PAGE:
Bart Starr and the legacy of kindness

Legacy planning can be very complicated and that’s why we’re here. We’ll walk you through beneficiary designations, trusts, wills and marital agreements, and we’ll work with an estate attorney to help you develop the appropriate paperwork. But, there’s another kind of estate we believe is even more important, one built not from your coins but from your character. It’s really easy to leave a lasting legacy of kindness. Nearly 60 years ago, Packer quarterback Bart Starr popped in to visit a seriously ill little boy. The visit cheered then 10-year old Terry Winch up and continues to inspire him today. “It was so memorable that, even today, when I meet someone new within an hour or two I’m telling that story,” he said. Back in 1960, Winch suffered a dangerous bout of rheumatic fever that attacked his heart. Initially treated by a local doctor, he later spent three months at Marshfield Hospital and several more months recuperating at home in a hospital bed set up in his parent’s bedroom. “One day I heard a car door slam and I looked out and saw my mom’s boss, Dr. Langdon, walking toward our breezeway, which was not unusual,” Winch said. “But then I heard a second car door slam and I saw Bart Starr coming in with him. As you can imagine, it was overwhelming. The Packers were a force to be dealt with and here he was, standing right next to my bed! So, I’m just not believing what I’m seeing…How amazing that was for a 10-year old kid – that Bart Starr came to his house.” During Winch’s long recovery, he also enjoyed the positive influence of his older brother, Dr. Tim Winch. For a long time Terry wasn’t able to move far from his bed, but he was able to make it to the living room and that’s where Tim taught him how to play piano. Those lessons led… | Read More »

A grand slam in legacy planning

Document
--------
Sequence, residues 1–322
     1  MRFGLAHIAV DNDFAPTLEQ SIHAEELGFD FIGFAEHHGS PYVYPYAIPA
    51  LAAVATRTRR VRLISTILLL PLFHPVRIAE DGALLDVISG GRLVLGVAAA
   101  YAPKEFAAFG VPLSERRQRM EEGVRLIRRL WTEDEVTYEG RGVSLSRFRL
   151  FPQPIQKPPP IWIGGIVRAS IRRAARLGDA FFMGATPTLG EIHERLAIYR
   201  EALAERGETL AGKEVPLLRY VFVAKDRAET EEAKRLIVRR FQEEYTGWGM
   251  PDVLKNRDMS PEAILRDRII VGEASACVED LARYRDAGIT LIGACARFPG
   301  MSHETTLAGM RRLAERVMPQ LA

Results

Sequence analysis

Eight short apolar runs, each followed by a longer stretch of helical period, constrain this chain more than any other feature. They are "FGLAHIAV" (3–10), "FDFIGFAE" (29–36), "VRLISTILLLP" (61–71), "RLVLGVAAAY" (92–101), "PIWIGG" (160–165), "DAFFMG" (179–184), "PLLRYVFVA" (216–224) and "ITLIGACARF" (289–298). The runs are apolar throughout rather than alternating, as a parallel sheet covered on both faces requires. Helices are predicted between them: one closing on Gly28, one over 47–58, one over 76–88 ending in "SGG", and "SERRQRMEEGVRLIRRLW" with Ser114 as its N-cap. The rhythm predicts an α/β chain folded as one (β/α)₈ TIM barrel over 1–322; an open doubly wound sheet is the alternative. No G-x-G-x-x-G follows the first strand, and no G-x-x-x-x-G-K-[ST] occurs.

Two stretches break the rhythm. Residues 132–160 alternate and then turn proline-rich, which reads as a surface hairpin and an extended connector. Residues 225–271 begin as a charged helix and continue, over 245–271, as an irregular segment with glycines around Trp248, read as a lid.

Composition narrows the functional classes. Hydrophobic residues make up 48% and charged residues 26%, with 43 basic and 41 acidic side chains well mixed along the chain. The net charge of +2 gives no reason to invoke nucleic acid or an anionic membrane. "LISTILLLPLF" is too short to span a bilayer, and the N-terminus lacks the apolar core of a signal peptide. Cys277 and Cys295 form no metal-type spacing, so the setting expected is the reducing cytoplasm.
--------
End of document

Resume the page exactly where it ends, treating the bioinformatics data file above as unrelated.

Frederik B. Wilcox left a multi-layered legacy when he died in 1965. A champion of both risk and prudence, he famously wrote, “Progress always involves risk. You can’t steal second base and keep your foot on first.” Thanks to those oft-quoted words, Wilcox will be remembered for his wit, and, based on his financial wisdom, he’ll also be remembered for his will. Two years ago, a bequest by Wilcox granted the largest unrestricted gift to the Rhode Island Foundation in its 100-year-history. An investment banker who forged his way from humble beginnings, Wilcox left a trust of about $1 million, to be overseen by his daughter, Nancy W. Mattis. He specified that 60 percent of whatever it had grown to at the time of her own passing would be given to the Rhode Island Foundation. Due to her careful stewardship, the trust grew to $48 million by the time she died in 2016 at age 95. Based on his foresight and her care, the foundation received $28 million in unrestricted funds, a grand slam for the smallest state in the union and a testament to the lasting power of estate planning. The Wilcox plan worked beautifully for several reasons. First, he set up his legacy plan carefully and designated beneficiaries based on his own passions and beliefs. Then, he chose a capable (turns out gifted) trustee to manage the account. Lastly, he vetted his beneficiary carefully and understood that the Rhode Island Foundation would be solvent and prepared to handle his generous bequest a half century after he made it. Mr. Wilcox began his life impoverished, but he’ll be remembered for generations thanks to astute estate planning. At Winch Financial, we don’t just recognize exceptional legacies, we help build them.  If you or anyone you know has any questions regarding estate planning, please contact us. We’re always glad to help.